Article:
Keep affirming children’s learning at home during and post this pandemic!

One of the greatest burden and gift of living through this pandemic is homeschooling. It’s a burden. Simple. Ask any mother currently homeschooling any child and they will list all the burden. For me, my list is long, but I’ll spare you the trouble and focus on one-Attention. Attention is difficult for a six year old especially through a technology we restrict for play but allow for education. Attention is also hard for an 8 year old especially when siblings in the next room are crying because they loathe math or reading or even science via Zoom. Then there is the 3 year for whom attention is very minimal at this age. Attention for him is a chore especially when it comes to watching any school related materials on Zoom or remembering sight words he read out loud less than a minute ago. Like I stated above, homeschooling and it’s insistence on focused attention from children is burdensome.

My son and his sister watching an African storyteller telling African stories

But learning, all forms of learning that has occurred during this period of schooling at home is one of the greatest gifts my family and I have received as a result of this global pandemic. Learning for us is a gift, part of our natural existence not restricted by any curriculum or any agenda. Not a forced activity imposed by any professional or occurring in isolated spaces. Learning, unapologetically realized, recognized, is done everyday at home, insides spaces without walls, through lens never needing to be closed, from the pirate stories, to astronaut goals or even scary mummies all for example, for Halloween celebrations yesterday. Learning for my six year old for example, occurs through interactions with his siblings on a daily basis, something formal education would have restricted or curtailed by now. For him, it’s in the way he politely asks for his turn. That’s all. Interaction is a big developmental task for him and the opportunity to learn at home has instilled asking politely for his turn with a laptop, a book, even the last piece of chicken on the table. He politely asks before proceeding to do anything.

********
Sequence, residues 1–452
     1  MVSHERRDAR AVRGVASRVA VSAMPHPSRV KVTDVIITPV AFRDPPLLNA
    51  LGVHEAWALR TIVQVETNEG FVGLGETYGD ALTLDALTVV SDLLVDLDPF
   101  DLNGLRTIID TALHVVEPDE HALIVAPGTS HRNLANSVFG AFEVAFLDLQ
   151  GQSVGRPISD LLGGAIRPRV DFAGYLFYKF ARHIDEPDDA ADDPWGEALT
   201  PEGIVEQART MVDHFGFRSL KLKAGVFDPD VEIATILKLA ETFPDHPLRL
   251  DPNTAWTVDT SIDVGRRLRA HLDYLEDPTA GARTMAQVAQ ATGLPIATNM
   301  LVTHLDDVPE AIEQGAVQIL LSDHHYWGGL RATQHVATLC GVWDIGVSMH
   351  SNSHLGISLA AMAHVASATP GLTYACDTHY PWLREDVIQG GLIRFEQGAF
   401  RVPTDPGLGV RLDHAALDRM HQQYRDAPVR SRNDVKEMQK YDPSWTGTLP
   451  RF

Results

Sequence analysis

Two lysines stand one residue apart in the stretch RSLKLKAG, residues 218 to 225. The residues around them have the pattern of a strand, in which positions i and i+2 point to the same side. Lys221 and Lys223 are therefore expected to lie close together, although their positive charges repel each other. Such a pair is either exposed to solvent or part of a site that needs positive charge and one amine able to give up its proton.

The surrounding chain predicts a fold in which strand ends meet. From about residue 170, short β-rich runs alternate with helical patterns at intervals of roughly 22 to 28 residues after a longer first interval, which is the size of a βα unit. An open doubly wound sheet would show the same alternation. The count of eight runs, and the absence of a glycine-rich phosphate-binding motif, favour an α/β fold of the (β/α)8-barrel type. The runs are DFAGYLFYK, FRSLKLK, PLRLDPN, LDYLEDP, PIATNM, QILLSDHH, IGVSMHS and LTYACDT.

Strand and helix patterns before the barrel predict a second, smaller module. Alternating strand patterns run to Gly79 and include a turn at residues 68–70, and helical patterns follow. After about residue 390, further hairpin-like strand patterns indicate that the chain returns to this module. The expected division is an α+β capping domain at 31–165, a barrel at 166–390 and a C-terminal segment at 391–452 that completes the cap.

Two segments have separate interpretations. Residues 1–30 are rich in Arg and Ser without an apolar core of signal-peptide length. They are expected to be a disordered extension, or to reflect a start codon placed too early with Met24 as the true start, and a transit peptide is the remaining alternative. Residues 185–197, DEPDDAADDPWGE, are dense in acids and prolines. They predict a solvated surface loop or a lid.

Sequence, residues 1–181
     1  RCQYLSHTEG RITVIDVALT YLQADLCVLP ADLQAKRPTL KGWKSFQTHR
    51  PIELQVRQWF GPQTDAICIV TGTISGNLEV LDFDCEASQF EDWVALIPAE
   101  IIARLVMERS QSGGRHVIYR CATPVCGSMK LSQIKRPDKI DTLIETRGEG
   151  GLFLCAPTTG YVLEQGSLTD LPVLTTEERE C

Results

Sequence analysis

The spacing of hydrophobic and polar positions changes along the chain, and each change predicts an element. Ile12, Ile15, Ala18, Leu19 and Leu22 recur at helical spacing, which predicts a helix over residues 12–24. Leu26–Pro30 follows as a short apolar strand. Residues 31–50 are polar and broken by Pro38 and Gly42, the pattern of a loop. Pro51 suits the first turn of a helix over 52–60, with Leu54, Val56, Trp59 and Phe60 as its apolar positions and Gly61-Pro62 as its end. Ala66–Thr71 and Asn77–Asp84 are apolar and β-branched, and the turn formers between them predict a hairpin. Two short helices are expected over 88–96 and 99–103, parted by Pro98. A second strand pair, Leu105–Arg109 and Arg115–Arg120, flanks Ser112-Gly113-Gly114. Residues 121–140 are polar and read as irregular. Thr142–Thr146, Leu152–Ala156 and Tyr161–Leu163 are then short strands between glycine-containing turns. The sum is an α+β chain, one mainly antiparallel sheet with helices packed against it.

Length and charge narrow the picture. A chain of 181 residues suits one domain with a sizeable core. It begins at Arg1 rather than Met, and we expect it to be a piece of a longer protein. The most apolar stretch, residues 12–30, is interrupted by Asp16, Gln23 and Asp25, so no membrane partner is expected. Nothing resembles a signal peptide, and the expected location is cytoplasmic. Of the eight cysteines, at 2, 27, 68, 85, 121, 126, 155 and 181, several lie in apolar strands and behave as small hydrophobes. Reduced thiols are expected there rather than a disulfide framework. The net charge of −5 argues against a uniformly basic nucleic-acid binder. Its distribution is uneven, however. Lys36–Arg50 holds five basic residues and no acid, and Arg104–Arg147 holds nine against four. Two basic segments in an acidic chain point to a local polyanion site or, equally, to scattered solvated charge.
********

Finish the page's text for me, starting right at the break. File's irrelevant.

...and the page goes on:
A pirate, an astronaut and a mummy.

For my 3rd grader, learning is expressive. Like the way she draws everything for every occasion like Halloween yesterday, a black cat and jack-o-lantern. Or the way she took a short story she wrote and made it into a chapter book, now with 12 chapters and counting. But as if that’s not all, learning, especially our poetry sessions once a week is about normalizing the mistakes she makes with reading poetry, repeating the process over and over, despite whatever setbacks she feels, until she becomes comfortable, even confident with the words and her understanding of the power of language. For my junior kindergartener (also for his brother and sister) learning occurs within a complex network of people, places, nature, and things. Like with our Sunday walk around the amazing Forest Park in search of the Dinosaur Park (will make a keep story of this soon) or with making leaf man out of dry leaves he picks along our walks during this glorious Fall season. Learning is everywhere, something he does everyday, without any curriculum, just part of his daily living.

My daughter’s Halloween drawing.

These are the gifts homeschooling has given to my family. Learning for us is part of our DNA, fundamentally connected to our everyday existence. Beyond this pandemic, I intend to do my part to keep affirming my children’s learning in this way.

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